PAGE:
Monday, March 7th 2016
16:20 – 18:20 Panel 3: Kin-State Citizenship as Identity and Experience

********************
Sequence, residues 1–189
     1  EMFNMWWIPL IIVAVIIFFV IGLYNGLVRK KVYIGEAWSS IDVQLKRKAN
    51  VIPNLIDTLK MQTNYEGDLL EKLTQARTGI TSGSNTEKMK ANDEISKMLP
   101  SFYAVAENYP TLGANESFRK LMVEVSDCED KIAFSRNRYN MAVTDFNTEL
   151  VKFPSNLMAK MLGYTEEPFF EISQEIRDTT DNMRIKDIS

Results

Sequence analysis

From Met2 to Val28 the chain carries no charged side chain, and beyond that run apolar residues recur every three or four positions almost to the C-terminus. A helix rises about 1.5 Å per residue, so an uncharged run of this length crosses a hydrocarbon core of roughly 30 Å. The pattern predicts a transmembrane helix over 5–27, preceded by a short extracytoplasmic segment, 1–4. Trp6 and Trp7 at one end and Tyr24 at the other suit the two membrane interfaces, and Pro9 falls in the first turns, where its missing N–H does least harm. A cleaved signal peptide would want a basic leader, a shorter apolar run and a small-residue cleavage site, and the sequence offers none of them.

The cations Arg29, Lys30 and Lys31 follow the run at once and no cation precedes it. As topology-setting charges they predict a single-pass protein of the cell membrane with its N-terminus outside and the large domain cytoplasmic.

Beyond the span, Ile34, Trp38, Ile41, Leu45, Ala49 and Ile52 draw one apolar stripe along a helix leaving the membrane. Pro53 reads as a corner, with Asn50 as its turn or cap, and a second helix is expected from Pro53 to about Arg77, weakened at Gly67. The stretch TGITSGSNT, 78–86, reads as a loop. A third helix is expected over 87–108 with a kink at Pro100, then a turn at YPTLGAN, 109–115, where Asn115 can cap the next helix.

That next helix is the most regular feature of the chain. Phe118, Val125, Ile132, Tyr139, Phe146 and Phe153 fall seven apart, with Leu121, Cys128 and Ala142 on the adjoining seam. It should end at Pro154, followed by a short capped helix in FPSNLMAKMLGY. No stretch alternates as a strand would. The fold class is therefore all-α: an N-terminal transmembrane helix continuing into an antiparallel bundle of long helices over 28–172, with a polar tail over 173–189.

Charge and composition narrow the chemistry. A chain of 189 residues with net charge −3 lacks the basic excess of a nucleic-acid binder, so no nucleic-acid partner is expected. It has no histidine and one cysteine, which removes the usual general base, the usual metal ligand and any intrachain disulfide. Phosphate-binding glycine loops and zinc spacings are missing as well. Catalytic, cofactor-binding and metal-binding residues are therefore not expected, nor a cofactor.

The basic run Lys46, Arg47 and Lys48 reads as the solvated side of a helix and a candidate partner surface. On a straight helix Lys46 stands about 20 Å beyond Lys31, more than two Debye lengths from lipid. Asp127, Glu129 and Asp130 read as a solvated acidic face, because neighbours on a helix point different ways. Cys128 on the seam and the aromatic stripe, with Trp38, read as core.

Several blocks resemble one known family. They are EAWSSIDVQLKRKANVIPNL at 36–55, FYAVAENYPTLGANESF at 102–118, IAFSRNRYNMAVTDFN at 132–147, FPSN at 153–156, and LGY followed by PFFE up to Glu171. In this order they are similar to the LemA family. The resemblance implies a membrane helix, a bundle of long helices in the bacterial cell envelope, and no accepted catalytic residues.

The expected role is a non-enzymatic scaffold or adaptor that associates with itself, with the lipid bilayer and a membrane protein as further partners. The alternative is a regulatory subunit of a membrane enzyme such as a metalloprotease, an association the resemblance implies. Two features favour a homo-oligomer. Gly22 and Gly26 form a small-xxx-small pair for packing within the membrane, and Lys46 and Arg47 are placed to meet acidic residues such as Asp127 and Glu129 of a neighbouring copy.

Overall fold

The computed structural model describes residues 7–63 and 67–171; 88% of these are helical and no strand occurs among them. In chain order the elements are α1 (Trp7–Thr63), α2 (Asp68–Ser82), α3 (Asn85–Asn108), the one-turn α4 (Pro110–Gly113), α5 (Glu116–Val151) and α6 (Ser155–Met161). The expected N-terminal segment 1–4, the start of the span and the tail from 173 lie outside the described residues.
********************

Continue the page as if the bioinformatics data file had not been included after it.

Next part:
This paper explores how the political inclusion of non-resident Hungarians and the subsequent institutionalization of diaspora involvement after 2010 impacted the national identification of newly naturalized non-resident Hungarians in different diasporic contexts. Through the systematic analysis of semi-structured interviews, the paper investigates how citizenship as a legal institution is perceived, practiced and consumed by Hungarians living in the US, Israel, Serbia and Romania. The interviews suggest that citizenship is considered by the recipients both as a strategic/instrumental asset as well as a marker of identity. The institutionalization of non-resident citizenship and voting rights is regarded by Hungarians outside the country as the indication of the Hungarian government’s willingness to help the material and symbolic interests of non-resident Hungarians. The paper claims that Hungarians living in the neighboring countries regard Hungarian citizenship primarily as a marker of identity, while diaspora Hungarians in the US and Israel are also motivated by more pragmatic considerations. The paper also points out that the formal inclusion in the citizenry (which new members take as an official recognition of their full and equal membership in the Hungarian nation defined in ethnocultural terms) creates a sense of duty as well. Newly naturalized non-resident Hungarians consider it a moral obligation to maintain their national culture on the peripheries of the Hungarian transnation. In addition, they also regard it as a duty to participate in the Hungarian parliamentary elections. Moreover, citizenship is also considered as a valuable symbolic asset which can be instrumentalized as means of social closure. Non-resident citizenship enables ethnic Hungarians to entrench perceived ethnic boundaries and symbolically distance themselves from titular majorities in the neighboring countries, and through this, elevate their social status. Interestingly, formal and legal acknowledgement of equal membership in the nation also makes some recipients realize the differences of nationhood conceptions of members of the kin-minority and Hungarians living in the kin-state.